Backup quarterback Bailey Zappe entered the game at the start of the fourth quarter and was 3-of-9 with an -23.2% CPOE in a lackluster effort. Zappe owned his two wide-open misses after the game, sailing throws over TE Hunter Henry (seam/fade) and WR Kendrick Bourne (crosser) where the receivers were open for big plays. Although he looked calmer in the pocket than Jones, Zappe's erratic accuracy is something we saw in the summer, and he's still holding the ball with a 3.03-second average time to throw. The Pats second-year QB told reporters that he knows as much as us (nothing) about who will start next week, and Belichick didn't hesitate when he said it would be Mac in Vegas. But it wouldn't be surprising to hear that Zappe continues to see an uptick in practice reps.

5. Rookie WR Demario Douglas Remains Bright Spot but Leaves Game With Head Injury

For the second straight week, the lone bright spot for the Patriots offense was an explosive play to rookie wideout Demario Douglas. Unfortunately, because when it rains, it pours, Douglas took a blow to the head as he went to the ground, which landed him in concussion protocol.

On the play, which was one of two big-time throws by Jones, the Pats flooded the Saints zone coverage structure with Douglas running an inverted over route, where Douglas will make the route stem look like he's running a crosser, but then he breaks late on the corner to throw off the coverage. Douglas makes the catch in front of the defender for a 24-yard gain on third down.

Hopefully, the Patriots rookie receiver won't miss significant time, as he continues to be the one big play threat this offense has on a weekly basis (where is Tyquan Thornton? Anyone?).

6. CB J.C. Jackson Immediately Feels "At Home" in Return to Patriots Defense

After being re-acquired earlier this week, cornerback J.C. Jackson was immediately active and played 36 snaps in his return to the Patriots (51.4%). Jackson said Foxborough feels like home to him, and he mostly looked at home in a defense that he's very familiar with. Although he nearly gave up a big play to Saints WR Chris Olave, Jackson allowed only two catches for 15 yards on four targets into his coverage. He looked competitive for the most part in man schemes and passed off routes pretty well in zone. We'll take a look at the film to have a complete evaluation. But this was a standard coverage performance from Jackson, who said after the game that he wants to lead the way in helping the defense create more turnovers. They'll need him to do that as his playing time increases as Gonzalez's replacement.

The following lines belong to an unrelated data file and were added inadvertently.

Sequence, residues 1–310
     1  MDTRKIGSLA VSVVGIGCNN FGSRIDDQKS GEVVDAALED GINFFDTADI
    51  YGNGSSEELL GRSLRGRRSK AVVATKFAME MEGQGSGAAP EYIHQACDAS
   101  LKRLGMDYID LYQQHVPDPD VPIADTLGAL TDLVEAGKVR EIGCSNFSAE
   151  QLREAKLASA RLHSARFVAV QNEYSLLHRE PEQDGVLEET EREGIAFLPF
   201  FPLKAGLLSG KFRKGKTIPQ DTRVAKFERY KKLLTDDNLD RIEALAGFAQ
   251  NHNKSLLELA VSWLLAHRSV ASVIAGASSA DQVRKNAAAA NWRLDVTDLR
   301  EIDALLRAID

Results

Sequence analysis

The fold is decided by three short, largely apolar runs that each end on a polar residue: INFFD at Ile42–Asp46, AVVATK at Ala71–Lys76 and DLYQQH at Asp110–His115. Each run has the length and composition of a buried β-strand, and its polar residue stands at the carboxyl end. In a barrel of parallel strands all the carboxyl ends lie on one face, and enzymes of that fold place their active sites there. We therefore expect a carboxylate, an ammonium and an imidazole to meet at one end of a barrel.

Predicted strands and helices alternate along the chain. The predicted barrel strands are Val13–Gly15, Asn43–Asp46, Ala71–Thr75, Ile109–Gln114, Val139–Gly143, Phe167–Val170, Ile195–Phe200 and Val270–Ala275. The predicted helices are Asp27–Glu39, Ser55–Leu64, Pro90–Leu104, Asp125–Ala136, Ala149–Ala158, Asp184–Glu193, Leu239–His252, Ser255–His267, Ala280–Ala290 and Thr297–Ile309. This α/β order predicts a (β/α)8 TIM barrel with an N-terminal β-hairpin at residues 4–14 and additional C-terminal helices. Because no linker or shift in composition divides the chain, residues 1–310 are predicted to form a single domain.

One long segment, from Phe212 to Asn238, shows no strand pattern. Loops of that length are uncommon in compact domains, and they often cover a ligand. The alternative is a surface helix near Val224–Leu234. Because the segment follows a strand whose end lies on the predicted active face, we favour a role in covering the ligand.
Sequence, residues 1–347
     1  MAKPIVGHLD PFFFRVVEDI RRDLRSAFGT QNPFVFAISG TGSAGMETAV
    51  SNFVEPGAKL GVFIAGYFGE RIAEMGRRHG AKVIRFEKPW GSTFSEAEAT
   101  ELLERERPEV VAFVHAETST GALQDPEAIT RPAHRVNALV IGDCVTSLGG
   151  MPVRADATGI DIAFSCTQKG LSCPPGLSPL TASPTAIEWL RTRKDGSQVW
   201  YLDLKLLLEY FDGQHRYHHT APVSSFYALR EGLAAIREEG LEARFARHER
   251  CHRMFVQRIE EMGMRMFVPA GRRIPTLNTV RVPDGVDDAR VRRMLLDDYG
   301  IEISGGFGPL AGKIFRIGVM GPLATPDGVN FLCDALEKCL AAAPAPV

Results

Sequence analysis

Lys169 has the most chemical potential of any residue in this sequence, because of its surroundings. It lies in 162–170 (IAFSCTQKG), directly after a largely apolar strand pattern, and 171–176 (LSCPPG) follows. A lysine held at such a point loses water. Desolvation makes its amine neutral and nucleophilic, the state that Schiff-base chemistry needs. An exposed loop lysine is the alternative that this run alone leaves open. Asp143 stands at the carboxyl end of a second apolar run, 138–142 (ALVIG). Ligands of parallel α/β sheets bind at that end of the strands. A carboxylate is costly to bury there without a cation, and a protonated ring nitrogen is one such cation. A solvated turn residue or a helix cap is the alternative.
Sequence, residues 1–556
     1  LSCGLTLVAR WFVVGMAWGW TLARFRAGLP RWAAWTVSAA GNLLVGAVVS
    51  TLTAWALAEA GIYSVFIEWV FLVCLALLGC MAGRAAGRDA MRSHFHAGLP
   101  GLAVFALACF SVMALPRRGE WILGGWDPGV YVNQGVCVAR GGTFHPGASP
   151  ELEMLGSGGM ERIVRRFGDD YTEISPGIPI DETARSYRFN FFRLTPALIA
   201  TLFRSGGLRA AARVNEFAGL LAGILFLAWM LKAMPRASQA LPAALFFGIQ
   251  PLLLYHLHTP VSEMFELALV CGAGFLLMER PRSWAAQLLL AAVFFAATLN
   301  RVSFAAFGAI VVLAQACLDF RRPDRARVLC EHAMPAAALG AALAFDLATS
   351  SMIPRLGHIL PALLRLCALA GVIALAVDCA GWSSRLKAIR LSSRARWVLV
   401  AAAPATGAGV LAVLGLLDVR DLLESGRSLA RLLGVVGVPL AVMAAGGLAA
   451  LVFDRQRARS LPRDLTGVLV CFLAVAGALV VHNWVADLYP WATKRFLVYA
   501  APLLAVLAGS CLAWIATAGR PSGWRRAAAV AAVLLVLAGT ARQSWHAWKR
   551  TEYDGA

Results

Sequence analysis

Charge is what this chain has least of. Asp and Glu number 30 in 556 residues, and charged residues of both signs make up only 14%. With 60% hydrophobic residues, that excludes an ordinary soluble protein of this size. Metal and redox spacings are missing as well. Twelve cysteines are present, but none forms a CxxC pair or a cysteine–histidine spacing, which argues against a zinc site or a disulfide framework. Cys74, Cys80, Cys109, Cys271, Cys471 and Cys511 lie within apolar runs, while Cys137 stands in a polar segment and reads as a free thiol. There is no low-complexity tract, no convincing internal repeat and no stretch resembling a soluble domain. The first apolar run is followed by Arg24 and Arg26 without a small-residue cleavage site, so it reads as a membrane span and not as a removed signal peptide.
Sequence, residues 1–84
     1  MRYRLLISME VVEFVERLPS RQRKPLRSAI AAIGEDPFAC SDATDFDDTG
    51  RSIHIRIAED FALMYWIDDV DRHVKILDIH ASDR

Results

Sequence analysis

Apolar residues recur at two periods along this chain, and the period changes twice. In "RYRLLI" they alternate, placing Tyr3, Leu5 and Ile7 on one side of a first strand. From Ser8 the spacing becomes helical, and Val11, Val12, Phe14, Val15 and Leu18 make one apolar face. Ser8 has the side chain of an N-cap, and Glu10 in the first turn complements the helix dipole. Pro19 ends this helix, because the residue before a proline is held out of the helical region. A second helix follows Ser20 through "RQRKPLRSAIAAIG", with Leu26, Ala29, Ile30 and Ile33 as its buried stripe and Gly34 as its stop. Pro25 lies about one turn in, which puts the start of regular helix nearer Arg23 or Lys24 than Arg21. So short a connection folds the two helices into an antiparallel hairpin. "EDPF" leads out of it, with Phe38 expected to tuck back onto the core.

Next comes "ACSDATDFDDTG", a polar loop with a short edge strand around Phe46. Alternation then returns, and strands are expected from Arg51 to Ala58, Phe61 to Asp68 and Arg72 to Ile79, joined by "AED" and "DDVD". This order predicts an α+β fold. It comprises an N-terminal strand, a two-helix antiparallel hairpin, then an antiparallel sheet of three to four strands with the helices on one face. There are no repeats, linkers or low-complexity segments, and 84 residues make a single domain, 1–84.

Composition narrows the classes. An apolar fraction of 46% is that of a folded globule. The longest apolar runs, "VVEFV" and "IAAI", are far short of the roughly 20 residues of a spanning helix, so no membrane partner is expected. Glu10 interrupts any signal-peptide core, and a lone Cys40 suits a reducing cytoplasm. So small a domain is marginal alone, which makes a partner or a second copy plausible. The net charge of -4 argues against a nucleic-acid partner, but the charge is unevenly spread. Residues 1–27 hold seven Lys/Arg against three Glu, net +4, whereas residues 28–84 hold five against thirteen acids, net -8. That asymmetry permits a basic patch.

7. Rookie DL Keion White, LB Anfernee Jennings See Increased Snaps Without Matt Judon

As expected, Patriots second-rounder Keion White and veteran linebacker Anfernee Jennings saw an increased workload without Judon in the lineup. White, who played 33.2% of the defensive snaps in the first four weeks, logged a tackle and one QB pressure in a career-high 37 snaps. White was blown off the ball as an edge-setter on one of his early reps but settled down and set a good edge, but they'll need him to disrupt the quarterback more than he did on Sunday. Jennings continues to be solid with five tackles, a run stuff, and a QB pressure in a season-high 46 snaps. You'd expect Jennings to continue being a prominent early-down player.

8. Add the Rookie Specialists and LS Joe Cardona to List the Patriots Issues

In a long list of things that head coach Bill Belichick needs to fix to turn this thing around, rookie kicker Chad Ryland missed a 48-yard field goal to bring his season average to 50% (4-of-8), while long snapper Joe Cardona is struggling. Cardona had two bad snaps to rookie first-year punter Bryce Baringer, who saved Cardona from a disaster on one punt near their own end zone. Cardona wasn't on the injury report this week, but maybe he is dealing with something, which could lead the Pats to host long snappers for workouts this week. This is a multi-game issue for Cardona, who didn't snap well in the Meadowlands a few weeks ago.

DISCLAIMER: The views and thoughts expressed in this article are those of the writer and don't necessarily reflect those of the organization. Read Full Disclaimer